The U.S. should leverage its superior performance in reducing emissions to gain a competitive advantage in global trade, one that can be achieved through a border carbon adjustment, experts said in a recent webinar.
That advantage is profound, said Catrina Rorke, vice president for policy at the Climate Leadership Council and co-author of a 2020 report that analyzes the carbon intensity of economic production.
“On average, the global economy uses 80% more carbon emissions to create the same dollar of value as we do in the United States,” Rorke said during a recent webinar hosted by the Bipartisan Policy Center (BPC). “If you look at trade partners like China, India, Russia, we’re talking about three to four times the amount of carbon emissions to create the same exact goods.”
Even more significant is that the carbon advantage prevails across economic sectors, from raw goods through high-value finished products.
“Minerals to microchips,” she said, “the U.S. is better at producing goods with low-carbon intensity than our competitors.”
Getting it right
The data in the report supports the grievance expressed by executives for years about the unfair advantage enjoyed by foreign competitors.
“Most of the complaints I’ve heard from U.S. industry over the years has been around the fact, not so much that they don’t like complying with U.S. environmental rules, they don’t like having to comply and then having foreign competitors in their own market not have to comply,” said Maureen Hinman, co-founder and chairman of the Silverado Policy Accelerator and a former official in the office of the U.S. Trade Representative.
Fixing the problem involves choosing the right instrument, Hinman said, referring to options such as a carbon market, a value added tax (VAT) or an import licensing regime. The critical issue is ensuring the policy is effective and avoids unintended consequences.
“One thing that keeps me up at night is this sort of potential imbalance between the cost of compliance and the cost of carbon and creating unintended incentives, where maybe the cost of compliance is higher than the cost of carbon,” she said. “That might diminish the will to do environmental control on site or, worse, if we’ve got those differences between countries … there could be perverse incentives to offshore.”
In July, Sen. Chris Coons (D-Del.) and Rep. Scott Peters (D-Calif.) introduced legislation to establish a border carbon adjustment on carbon-intensive imports. The bill would account for the costs borne by U.S. businesses in complying with laws and regulations that limit greenhouse-gas emissions.
The measure would also:
- Place a fee on imported pollution to address carbon leakage that would be based on the domestic environmental cost incurred;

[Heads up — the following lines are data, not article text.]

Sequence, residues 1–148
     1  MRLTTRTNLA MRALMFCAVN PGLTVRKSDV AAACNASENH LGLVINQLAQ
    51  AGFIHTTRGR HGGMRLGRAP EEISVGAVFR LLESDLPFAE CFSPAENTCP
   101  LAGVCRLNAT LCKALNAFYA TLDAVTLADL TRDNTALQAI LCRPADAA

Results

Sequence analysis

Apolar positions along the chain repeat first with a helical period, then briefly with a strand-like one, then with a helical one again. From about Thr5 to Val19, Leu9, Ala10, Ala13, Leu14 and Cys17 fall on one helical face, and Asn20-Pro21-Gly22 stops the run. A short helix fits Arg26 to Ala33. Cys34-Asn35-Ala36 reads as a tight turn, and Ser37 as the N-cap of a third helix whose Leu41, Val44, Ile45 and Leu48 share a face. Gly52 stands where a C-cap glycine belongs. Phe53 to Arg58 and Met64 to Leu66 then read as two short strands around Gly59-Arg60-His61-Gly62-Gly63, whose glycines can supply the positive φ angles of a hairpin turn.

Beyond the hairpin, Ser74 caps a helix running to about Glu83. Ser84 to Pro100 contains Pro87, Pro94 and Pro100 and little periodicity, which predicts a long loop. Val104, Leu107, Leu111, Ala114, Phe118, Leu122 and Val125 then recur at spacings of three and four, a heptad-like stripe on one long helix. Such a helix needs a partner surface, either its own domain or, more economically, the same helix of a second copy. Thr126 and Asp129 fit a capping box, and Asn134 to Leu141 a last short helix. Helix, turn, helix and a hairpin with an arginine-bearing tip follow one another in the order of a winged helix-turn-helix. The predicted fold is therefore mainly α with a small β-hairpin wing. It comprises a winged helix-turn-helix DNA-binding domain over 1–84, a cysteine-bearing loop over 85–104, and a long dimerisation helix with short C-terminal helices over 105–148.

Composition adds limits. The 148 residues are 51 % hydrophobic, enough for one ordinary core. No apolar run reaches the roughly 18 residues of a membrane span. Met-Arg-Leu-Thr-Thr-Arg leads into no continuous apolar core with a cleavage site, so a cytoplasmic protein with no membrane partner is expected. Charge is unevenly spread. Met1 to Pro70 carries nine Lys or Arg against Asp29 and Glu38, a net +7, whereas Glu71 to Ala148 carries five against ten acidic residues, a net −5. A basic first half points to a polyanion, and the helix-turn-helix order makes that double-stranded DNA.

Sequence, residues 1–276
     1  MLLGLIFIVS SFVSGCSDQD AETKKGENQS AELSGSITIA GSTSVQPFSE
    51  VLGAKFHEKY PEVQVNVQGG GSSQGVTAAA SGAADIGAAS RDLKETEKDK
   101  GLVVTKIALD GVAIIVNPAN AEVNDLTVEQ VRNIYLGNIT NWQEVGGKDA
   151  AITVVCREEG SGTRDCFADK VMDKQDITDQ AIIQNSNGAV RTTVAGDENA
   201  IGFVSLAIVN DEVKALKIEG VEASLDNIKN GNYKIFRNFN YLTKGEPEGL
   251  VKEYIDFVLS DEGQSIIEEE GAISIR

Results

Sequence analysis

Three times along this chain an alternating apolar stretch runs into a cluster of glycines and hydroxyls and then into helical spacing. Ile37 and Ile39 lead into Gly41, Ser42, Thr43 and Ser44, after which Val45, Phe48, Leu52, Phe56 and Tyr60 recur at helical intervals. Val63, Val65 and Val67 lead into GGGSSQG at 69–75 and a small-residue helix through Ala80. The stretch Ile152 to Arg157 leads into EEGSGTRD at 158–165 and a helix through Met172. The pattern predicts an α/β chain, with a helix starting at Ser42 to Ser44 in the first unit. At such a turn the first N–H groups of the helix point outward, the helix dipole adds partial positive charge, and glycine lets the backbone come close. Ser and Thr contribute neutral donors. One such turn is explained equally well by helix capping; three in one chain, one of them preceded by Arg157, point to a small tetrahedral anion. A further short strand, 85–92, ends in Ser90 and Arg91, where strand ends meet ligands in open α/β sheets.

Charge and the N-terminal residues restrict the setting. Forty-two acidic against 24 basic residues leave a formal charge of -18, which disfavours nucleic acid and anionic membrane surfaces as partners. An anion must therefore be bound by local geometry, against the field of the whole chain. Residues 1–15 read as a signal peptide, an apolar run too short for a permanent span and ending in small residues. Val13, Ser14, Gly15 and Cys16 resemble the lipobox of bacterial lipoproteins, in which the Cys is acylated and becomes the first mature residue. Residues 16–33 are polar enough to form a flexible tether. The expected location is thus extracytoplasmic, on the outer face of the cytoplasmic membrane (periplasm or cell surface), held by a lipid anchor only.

- Support international climate cooperation by encouraging the government to engage with trading partners on reducing greenhouse gas emissions; and
- Fund climate resilience, transition assistance, and emissions reductions technologies through the revenues raised.
“We want to create a global approach to addressing climate change,” Peters said during the webinar. “The U.S. only produces around 10% of global emissions. Most emissions growth is going to come from China and the developing world. This legislation, if coupled with a globally inclusive, carbon alliance, will help ensure that nations are incentivized to invest in clean technology.”
Peters also warned that not advancing on this front would play into rivals’ hands.
“We have to push back on the Chinese and the Russians and ensure that U.S. energy and technology is dominating the global energy landscape throughout the 21st century,” he said. “Whether we like it or not, incorporating climate into trade is going to be a part of these efforts.”
Peters expressed hope that the legislation could garner bipartisan support. The response from a Republican strategist on the webcast suggested this might be possible.
George David Banks, a BPC fellow and chief strategist for the Republican side of the House Select Committee on the Climate Crisis, noted that the GOP approach to climate has changed since the Kyoto Protocol in 1992. At that time, there was no end in sight for increased emissions. Now, Banks said, the U.S. is on a decarbonization pathway.
And while some Republicans want to renegotiate the Paris agreement, he said, that simply isn’t going to happen. “So, there’s only one way you can negotiate a new deal in a way that would force major emitters to reduce their emissions, and that’s through trade,” he noted.
Banks particularly liked the concept of a carbon club of like-minded countries whose emissions beat the global average. Another aspect of the Coons-Peters proposal he favored was the inclusion of fossil fuels in the mix.
“If you were to have a carbon club with the EU, there’s a big question there,” he said. “If it includes natural gas and we have really good effective measurement, particularly when it comes to methane, then what happens to Nord Stream 2 [the Russian natural gas pipeline]? Does it become uncompetitive or too costly at that point? Or does its competitiveness erode if U.S. LNG is that much cleaner, as folks claim it to be?”
A carbon border adjustment is not a simple solution. It would need to be crafted to avoid violating World Trade Organization (WTO) rules that prohibit members from discriminating against other WTO members. It would also be difficult to carry out, particularly regarding countries with multiple climate policies.
“I don’t know if we could get many Republicans today to say, ‘I support a border carbon adjustment,’” Banks admitted. “But I do think you could get a lot of Republicans to publicly say, ‘we like the idea of monetizing this carbon advantage that we have.’ If we structure the policy the right way, we’ll have Republican support.”
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